Being a guest on a popular podcast is a great springboard to promote your brand. Not only that, it is a lot of fun and a great way to network. At the end of the day, you might even make some new friends.
Do you want to be a guest, or have you been asked to be a guest on a podcast? If you’re like me, then the answer is yes, so let me share my experience.
I have been listening to the RNFM Radio podcast for over a year, and many times thought about how fun it would be to be a guest. On January 4, 2017, I scratched one off the bucket list because they gave me a spot.
RNFM Radio was my 3rd guest appearance on a podcast. The theme of the podcast revolved around tech, but we touched on just about everything under the sun. In this episode, there is a little something for everybody.
This blog is not intended to be a complete guide to being a podcast guest, but more of a starting point. I will include links to articles that will take you more in depth.
There are three elements to a podcast
- Pre-show preparation
Before the podcast date, the hosts will likely send you a document that contains some or all the following;
- A confirmation of the date and time the show will be recorded.
- A description of the software used for the host(s) to communicate with the guest.
- Hardware recommendations to ensure high-quality audio from the guest.
- A request for a short bio. Write your bio in the third person as the host will use it to introduce you at the beginning of the show.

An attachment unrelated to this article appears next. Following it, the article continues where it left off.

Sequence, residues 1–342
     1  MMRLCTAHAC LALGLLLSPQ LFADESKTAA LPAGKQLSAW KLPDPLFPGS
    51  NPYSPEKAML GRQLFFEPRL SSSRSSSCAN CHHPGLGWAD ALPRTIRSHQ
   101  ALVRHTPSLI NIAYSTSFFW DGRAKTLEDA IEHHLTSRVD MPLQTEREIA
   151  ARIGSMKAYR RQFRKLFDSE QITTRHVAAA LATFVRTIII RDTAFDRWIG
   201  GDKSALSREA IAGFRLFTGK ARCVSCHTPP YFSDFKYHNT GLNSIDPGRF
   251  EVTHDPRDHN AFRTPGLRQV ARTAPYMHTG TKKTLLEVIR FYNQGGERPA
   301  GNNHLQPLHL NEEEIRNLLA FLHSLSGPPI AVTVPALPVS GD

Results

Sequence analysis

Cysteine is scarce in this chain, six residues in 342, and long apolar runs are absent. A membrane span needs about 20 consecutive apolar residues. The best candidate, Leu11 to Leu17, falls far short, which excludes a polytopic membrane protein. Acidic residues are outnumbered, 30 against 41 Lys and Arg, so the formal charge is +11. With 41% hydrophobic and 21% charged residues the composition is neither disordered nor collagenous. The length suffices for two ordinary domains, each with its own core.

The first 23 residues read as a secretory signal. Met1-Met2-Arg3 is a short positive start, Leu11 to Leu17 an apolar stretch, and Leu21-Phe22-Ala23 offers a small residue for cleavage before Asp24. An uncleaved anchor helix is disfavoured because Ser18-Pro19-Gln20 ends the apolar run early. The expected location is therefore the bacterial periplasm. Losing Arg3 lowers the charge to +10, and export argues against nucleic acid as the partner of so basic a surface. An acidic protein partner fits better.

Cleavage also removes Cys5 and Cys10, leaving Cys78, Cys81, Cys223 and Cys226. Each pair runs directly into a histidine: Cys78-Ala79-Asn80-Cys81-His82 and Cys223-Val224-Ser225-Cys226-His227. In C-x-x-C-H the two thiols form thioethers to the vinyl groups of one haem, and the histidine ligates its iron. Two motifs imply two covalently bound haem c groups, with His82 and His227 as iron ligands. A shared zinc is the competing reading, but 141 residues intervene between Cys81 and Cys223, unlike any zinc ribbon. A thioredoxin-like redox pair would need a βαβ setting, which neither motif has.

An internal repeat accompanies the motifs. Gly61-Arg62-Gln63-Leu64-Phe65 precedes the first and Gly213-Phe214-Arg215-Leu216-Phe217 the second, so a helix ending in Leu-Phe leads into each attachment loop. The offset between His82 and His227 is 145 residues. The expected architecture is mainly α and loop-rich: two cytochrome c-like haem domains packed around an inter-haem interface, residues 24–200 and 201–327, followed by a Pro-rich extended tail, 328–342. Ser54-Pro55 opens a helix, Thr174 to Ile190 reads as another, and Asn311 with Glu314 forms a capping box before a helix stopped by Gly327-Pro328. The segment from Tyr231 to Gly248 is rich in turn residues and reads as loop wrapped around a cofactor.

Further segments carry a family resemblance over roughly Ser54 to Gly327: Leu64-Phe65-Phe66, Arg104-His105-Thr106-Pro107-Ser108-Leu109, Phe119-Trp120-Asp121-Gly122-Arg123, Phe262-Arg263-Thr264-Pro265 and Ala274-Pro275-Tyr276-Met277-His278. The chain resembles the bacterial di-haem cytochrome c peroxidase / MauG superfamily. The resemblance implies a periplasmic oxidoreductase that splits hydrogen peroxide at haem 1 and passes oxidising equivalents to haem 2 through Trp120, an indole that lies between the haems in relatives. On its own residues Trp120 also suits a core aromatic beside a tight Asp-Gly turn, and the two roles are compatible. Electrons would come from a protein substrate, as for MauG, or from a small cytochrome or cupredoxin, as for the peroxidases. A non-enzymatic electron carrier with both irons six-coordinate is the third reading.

- A request for several talking points you would like to touch on during the show. This will help the host make you shine by asking questions about topics you on which you are an expert.
- The host might include questions that are often asked of guests, if so look them over and think about how you will answer.
- A request for social media platforms you are on.
- A request for contact information such as email address and phone number.
You are encouraged to promote your appearance on social media and on your mailing list if you have one. One of the reasons a podcaster has guests is to reach a wider audience, namely yours. Efforts to increase the listenership of the show makes for a win/win situation for you and the host.
If the show host is well organized he or she will give you a deadline on when to get the requested information back. Your efforts to be thorough and timely help to assure the recording of the show flows well. If you have committed to a recording date and time, make every effort to keep your obligation. We all know that life happens, so if something comes up that precludes your ability to keep the appointment communicate this with the host as soon as possible. The host will probably have a backup plan so the more lead time you can give the better.
To be a podcast guest means that you need hardware. You will require the following
Computer. This is glaringly obvious. You wouldn’t be reading this if you didn’t have a computer. Let me take this a step further. A computer that was made prior to 2010 may not have the horsepower to perform the tasks required for podcasting.
Microphone. The podcast host and audience need to hear you and a microphone is what puts your voice into the computer. There are a lot of choices when it comes to microphones from the free built-in mic on your laptop to a cheap plastic $7 mic you can buy at Walmart to a $350 professional mic and preamp purchased from B&H. I suggest something in between. Don’t cheap out on the microphone. The built in mic on your laptop or a cheap Walmart mic will produce lousy and worst case unacceptable audio quality. If you’re reading this you are interested in being a podcast guest and intend to do it more than once. Plan on spending about $100 and you will have a microphone that will serve you well for years.